• Amplifier Artifact: The revenant's nail. After Seth pulls it out in the second book, Navarog takes it and gives it to Ephira, giving her the power to corrupt creatures of light and kicking off the third book's titular plague.
  • Anyone Can Die:
    • Averted in the last book, where the climactic battle between Good and Evil has almost no fatalities, and a few who were assumed to be dead earlier turn out to be alive after all.
    • Played straight with Lena, Dougan, Coulter, and Mendigo
  • Bad Powers, Good People: Seth can telepathically speak to the undead, become invisible in even slight darkness, speak demonic languages, and potentially (although he never does so) project fear, lower the temperature in a room, and cause dizzy spells. He's unquestionably one of the good guys. Although it's deconstructed a bit, as even his own family is worried about him going dark side and everyone else is amazed that a guy like him is on their side.
  • Bag of Holding/Hammerspace: The transdimensional knapsack.
  • Bait the Dog: Graulas. Helping Seth and acting as an ally was all just a plot to gain his trust. After Seth healed him, he promptly overthrew Fablehaven and joined up with Nagi Luna to open the demon prison.
  • Baleful Polymorph: Fairies kept indoors at night turn into imps, which are sort of reverse fairies; both are quite vain, but where fairies are aware of how pretty they are and therefore good-natured in a shallow sort of way, imps are just as aware of how ugly they are, which makes them incredibly nasty.
    • This also occasionally happens to the humans in the series—the best example is Grandma's chicken transformation.
  • Barrier Maiden: The five Eternals, who are the second barrier to opening Zzyzx.
  • Batman Gambit: The Fairy Queen and her subjects pull one on the entirety of the demons of Zzyzx when she lets them enter her realm, as she knows they will not be able to resist destroying it. Once they are inside, they realize that every other exit has been destroyed, and the Fairy Queen has closed off the entrance, trapping them again. To add insult to injury, the Fairy Queen has moved into Zzyzx, intending to make it her new realm.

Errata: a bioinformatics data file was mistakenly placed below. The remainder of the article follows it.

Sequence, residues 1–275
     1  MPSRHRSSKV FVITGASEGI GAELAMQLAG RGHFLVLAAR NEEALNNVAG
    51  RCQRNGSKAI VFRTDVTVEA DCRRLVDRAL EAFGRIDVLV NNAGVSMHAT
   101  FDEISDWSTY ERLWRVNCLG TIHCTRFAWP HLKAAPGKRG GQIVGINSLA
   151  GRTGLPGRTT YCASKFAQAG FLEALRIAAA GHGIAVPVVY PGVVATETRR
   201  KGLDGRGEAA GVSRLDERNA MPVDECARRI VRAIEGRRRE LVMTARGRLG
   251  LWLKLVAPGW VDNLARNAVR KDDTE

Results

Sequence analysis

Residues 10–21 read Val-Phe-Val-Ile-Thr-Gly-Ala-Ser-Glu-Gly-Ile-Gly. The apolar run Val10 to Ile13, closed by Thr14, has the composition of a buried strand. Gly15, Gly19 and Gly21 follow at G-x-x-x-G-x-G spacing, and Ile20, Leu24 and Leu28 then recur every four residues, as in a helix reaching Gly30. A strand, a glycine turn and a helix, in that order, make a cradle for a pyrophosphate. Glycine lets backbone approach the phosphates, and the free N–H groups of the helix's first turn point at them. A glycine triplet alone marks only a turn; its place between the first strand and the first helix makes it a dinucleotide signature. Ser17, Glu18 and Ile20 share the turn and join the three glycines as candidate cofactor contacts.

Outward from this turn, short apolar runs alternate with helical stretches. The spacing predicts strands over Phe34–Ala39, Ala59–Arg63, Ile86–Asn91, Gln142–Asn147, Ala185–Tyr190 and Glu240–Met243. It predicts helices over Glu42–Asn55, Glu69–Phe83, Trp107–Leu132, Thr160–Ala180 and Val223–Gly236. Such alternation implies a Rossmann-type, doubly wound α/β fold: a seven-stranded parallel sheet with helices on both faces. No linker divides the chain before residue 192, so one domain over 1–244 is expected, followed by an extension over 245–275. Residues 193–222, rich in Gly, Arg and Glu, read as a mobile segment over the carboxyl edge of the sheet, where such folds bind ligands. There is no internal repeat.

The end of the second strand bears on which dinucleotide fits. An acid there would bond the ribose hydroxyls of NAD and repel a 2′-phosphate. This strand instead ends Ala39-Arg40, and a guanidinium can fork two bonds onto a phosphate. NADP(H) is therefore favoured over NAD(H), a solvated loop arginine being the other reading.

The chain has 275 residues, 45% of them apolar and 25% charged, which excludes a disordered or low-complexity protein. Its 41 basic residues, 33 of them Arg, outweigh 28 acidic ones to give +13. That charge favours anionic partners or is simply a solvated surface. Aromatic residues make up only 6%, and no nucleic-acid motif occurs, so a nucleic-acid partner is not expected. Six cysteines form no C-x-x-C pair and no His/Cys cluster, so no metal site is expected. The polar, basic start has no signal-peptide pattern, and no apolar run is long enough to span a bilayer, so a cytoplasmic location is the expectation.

• Beware the Nice Ones: Kendra is a sweet, hesitant girl who hates touching weapons. From the second book on, she has access to an almost god-like power that enhances creatures or objects of light and repels darkness. Demons fear her, and for good reason. The best example comes in Book 5... after Zzyzx is opened and Seth is wounded, Kendra borrows Vasilis and cuts the Demon King's head off. Yes, Kendra just killed the King of Demons.
  • Blue-and-Orange Morality: The fairies to an extreme. It's noted more than once that light and dark creatures do not correspond to good and evil, no matter how much it seems that way. Even the demons are bound by their own honor code.
  • Big Damn Heroes: Albino!Tanu and Coulter at the climax of Rise of the Evening Star. In Tanu's case, it's literal.
  • Big Good: The Sphinx, leader of the Knights of the Dawn. Don't you believe it for one. Damn. Second.
    • The Fairy Queen sometimes qualifies, at least in her benevolent moods.
  • Bishōnen: In book 5, Bracken. Tall, willowy, and with tons of beautiful silvery-white hair.
  • Bigger on the Inside: The knapsack in Book 4. It's actually an entrance to an extra-dimensional room, making it quite useful for transporting supplies, very heavy metal eggs, or injured party members.
  • Breath Weapon: Dragons. While we see a few breathing fire, most have a more unique breath weapon. Navarog breathes molten metal, Siletta breathes poison, and dragon king Celebrant is described as having at least five separate breath weapons (one made of pure energy is used on Brogo in the fifth book). Subverted with Raxtus, whose breath makes plants grow.
  • Brown Note: Dragons are so awesome, most people get mesmerized just by looking at them. Raxtus is an exception, but he self-identifies as "lame."
  • Butt-Monkey: Warren and Dale experience this at different levels. Dale is often harmed or rendered incapable of helping the team, e.g. turned to lead, turned into a shadow, holed up in the barn when Graulas destroys the treaty, "Dale, I'm sorry you're in a net". And if one of the Knights gets hurt on a mission, it's probably Warren. He's been stabbed, clawed with harpy venom, trapped in an extradimensional space, turned into a mute albino—you name it. The number of injuries he sustains throughout the series—and the fact that he survives all of them is downright incredible.
  • Casual Danger Dialog: If anything ever fazes Warren, they haven't yet found it. Even when he's out of commission, he still tries to help.
  • Catchphrase: To Seth, everything is "awesome!"
  • Cerebus Syndrome: The first book is mostly lighthearted (and has a silly dust jacket to match, talking about fog troll dental work), and doesn't generally go beyond "just creepy enough for its target audience." Book 2, Rise of the Evening Star, is a lot darker... and Books 3 and 4, The Shadow Plague and The Dragon Sanctuary, officially hit That's Just Messed Up! territory. Book 5 doesn't stop escalating the stakes until the very end.
  • Character Development: Most of the major characters have at least a little. Notably,
    • Seth goes from a reckless kid in search of fun to a more serious young man who knows how to take calculated risks and think through his actions (usually).
    • Kendra gradually sheds her hesitant, stickler-for-rules nature from the first book and learns to be more confident and decisive.